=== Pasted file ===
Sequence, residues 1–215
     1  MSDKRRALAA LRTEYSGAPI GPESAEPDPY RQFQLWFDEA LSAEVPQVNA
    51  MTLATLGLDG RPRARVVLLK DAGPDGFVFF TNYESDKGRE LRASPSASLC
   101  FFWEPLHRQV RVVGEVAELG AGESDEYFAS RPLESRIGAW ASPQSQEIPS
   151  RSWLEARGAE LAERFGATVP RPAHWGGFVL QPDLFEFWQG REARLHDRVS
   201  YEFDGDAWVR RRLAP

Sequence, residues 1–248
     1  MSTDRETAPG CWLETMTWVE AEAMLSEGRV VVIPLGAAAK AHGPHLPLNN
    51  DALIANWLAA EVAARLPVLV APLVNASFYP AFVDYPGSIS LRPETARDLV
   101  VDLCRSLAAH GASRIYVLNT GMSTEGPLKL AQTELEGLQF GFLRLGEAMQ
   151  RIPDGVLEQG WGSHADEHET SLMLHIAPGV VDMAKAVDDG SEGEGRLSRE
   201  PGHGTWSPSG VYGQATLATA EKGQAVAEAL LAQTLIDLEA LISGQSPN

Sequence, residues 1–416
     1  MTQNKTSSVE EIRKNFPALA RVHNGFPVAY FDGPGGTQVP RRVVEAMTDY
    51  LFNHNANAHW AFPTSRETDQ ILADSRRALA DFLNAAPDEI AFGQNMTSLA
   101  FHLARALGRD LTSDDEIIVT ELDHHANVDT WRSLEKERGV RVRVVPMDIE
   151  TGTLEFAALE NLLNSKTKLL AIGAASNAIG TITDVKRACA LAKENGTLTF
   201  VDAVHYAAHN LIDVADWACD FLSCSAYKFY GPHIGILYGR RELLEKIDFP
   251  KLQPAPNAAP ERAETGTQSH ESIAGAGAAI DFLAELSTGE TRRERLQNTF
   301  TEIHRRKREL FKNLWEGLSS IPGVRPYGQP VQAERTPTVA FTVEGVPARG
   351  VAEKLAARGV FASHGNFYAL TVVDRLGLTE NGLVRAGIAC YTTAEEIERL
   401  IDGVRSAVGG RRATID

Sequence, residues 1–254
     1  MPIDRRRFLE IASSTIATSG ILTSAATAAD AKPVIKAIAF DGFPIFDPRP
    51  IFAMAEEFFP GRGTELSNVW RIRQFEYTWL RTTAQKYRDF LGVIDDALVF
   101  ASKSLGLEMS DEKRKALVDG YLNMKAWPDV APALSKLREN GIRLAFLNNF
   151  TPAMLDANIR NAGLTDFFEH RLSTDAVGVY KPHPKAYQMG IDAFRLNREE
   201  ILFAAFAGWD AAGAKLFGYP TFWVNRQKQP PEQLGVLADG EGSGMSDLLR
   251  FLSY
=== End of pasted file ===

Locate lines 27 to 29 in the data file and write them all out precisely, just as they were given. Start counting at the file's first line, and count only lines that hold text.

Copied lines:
   151  TPAMLDANIR NAGLTDFFEH RLSTDAVGVY KPHPKAYQMG IDAFRLNREE
   201  ILFAAFAGWD AAGAKLFGYP TFWVNRQKQP PEQLGVLADG EGSGMSDLLR
   251  FLSY